Acrobatic Dead Horses -- Michael J. Tardiff writes with one final comment about Acrobat:
Ray Davis's comments in NetBITS-016 brought to mind my past experiences in dealing with the "structure vs
PDF without a Font Net -- Chris Ruebeck adds to the discussion surrounding PDF on the Web, started by Mike Lee's article in NetBITS-014:
I would like to add to the comments of Ray Davis on the subject of PDF's incongruities with the Web
Why Make Netscape Source Available for Free? Jim Peters offers a suggestion for why Netscape is making the source code for Communicator 5.0 available for free on the Internet, as we mentioned in NetBITS-016:
Perhaps you don't understand the motivation behind the free software community
Cable Whiplash -- Kate Binder complains that her cable modem connection isn't nearly what it's cracked up to be. Although we have no specific suggestions to pass along to Kate, if anyone out there has some ideas, please send them to Kate directly.
I noticed that you'll be covering cable modem issues next week
More on Cable Modems -- Johann Beda writes in regard to his cable modem connection:
I just got hooked up here in southwestern Ontario with The Wave through the local cable TV provider
Feel the Buzz -- Joel Smith writes about an electrifying subject: using power transmission lines for data access.
For background, according to the November 1997 issue of The Seybold Report on Internet Publishing, European and Southeast Asian power grids have an advantage over the U.S
Special Acrobatics -- Francois Pottier passes along news of a free method of creating Acrobat PDF files (see NetBITS-014):
For people who don't want to buy the full Acrobat package, it's also possible to create PDF files using free tools, like a recent version of GhostScript, which can convert PostScript files to PDF files
Fall from the High Wire -- Ray Davis offers an excellent rebuttal to Mike Lee's view of Adobe Acrobat in NetBITS-014:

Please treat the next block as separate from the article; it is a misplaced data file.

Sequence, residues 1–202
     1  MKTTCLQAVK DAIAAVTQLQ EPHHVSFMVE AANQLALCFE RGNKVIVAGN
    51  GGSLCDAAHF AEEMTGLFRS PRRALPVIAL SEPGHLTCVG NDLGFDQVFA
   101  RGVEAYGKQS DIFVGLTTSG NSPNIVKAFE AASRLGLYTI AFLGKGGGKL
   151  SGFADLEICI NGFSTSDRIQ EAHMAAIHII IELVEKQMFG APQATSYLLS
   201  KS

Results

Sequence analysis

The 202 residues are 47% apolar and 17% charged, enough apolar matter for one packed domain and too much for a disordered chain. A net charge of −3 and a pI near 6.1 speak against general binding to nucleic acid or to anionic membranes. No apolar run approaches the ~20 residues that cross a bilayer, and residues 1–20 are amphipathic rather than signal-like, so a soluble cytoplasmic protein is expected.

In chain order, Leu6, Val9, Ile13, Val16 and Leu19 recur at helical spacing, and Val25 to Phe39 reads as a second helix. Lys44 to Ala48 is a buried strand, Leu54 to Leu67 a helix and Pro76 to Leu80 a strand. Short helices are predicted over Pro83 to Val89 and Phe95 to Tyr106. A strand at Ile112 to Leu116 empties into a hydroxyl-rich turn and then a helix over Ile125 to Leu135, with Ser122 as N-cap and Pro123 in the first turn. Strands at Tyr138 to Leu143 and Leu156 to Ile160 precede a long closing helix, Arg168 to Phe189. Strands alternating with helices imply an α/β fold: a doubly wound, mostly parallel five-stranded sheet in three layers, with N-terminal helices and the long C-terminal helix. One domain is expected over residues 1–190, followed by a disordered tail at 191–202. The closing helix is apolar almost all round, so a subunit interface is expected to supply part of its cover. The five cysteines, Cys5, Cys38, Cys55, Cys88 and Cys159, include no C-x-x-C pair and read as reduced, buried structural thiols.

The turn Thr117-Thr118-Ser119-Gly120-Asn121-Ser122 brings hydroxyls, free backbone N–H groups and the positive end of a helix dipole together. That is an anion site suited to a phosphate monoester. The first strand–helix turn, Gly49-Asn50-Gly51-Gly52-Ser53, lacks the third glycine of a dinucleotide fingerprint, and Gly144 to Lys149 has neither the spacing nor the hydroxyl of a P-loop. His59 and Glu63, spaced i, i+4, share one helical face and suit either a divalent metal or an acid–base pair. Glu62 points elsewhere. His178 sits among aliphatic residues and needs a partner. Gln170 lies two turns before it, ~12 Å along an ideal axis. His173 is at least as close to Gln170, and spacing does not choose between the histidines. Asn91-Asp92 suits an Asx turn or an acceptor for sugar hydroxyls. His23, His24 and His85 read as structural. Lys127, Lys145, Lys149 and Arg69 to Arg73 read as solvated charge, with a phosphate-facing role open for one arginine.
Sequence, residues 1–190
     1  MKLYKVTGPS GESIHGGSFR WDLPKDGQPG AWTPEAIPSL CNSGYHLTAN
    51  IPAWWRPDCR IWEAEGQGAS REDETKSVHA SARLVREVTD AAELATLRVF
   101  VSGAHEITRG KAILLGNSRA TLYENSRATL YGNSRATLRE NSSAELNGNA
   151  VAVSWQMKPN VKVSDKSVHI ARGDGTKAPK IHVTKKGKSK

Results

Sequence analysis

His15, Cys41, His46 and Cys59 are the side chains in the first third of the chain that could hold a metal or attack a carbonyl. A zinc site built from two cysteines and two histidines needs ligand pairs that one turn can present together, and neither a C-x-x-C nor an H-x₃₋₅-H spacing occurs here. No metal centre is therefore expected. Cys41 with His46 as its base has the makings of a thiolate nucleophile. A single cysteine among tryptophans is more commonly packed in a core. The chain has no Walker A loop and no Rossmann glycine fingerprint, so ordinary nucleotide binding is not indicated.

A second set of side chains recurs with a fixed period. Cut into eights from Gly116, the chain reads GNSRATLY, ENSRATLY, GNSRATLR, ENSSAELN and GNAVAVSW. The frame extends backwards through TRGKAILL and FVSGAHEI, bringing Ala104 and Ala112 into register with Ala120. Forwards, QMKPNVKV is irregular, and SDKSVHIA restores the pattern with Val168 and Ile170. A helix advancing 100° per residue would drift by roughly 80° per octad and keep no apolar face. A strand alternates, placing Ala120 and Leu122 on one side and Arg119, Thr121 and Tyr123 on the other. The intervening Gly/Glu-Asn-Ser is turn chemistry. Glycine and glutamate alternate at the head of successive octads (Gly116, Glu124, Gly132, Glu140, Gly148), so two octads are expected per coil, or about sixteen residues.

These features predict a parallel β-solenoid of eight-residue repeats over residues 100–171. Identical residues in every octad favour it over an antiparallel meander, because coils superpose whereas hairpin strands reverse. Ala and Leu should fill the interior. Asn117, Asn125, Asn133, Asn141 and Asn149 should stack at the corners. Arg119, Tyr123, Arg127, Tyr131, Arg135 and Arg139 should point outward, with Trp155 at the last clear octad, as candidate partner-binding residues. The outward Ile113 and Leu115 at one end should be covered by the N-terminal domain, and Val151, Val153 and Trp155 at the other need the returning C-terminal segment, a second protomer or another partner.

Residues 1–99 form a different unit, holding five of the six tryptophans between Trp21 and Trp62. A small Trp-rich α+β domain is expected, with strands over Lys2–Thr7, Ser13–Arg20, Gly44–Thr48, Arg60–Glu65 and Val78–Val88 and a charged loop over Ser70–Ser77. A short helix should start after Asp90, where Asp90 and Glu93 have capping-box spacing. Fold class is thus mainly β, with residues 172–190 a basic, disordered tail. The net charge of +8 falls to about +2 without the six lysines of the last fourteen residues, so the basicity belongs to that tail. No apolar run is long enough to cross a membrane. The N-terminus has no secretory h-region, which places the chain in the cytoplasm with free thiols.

I was disappointed to see the unqualified rave for Adobe's PDF electronic document format
Acrobatics -- Davide Guarisco offered some addenda to Mike Lee's article on Acrobat in NetBITS-014:
First, with the newest Macintosh LaserWriter software from Apple (8.5.1) it's even easier to create PDF documents
Brandon Munday mentioned how he removed all "clickable" mailto links from his Web site to thwart the evil address-collecting spiders
Long and Short of It -- James Weissman notes that many systems that can't support long filenames are able to use mapping - a table of the short names and the longer ones they correspond to - to provide nicer looking URLs.
EnterpriseWeb/VM is a Web server that runs under the IBM VM/CMS mainframe operating system where file identifiers can have an 8 character name and 8 character type
Filename Extension -- Steve Peterson pointed out that Windows 95 is more clever than we gave it credit for when mapping its long filenames to short ones.
On floppy disks it's a little more complicated
X-Rated Placeholders -- A random and amusing anecdote arrived from Russell Aminzade :
I had a job recently developing a Web site for an intranet for a division of a Fortune 100 computer company
Cleaning Windows -- Last issue in NetBITS Updates, we expressed confusion that no one writing about Microsoft's attempts to offer versions of its Windows 95 operating system without Internet Explorer mentioned that the original Windows 95 system was still in use on tens of millions of machines
Imaging an Address -- Brandon Munday offers a suggestion for displaying your email address on a Web page in a manner that prevents automated spiders from sucking it down:
I used an image editing program to create a graphic image of my email address, in a font and size similar to that used by most browsers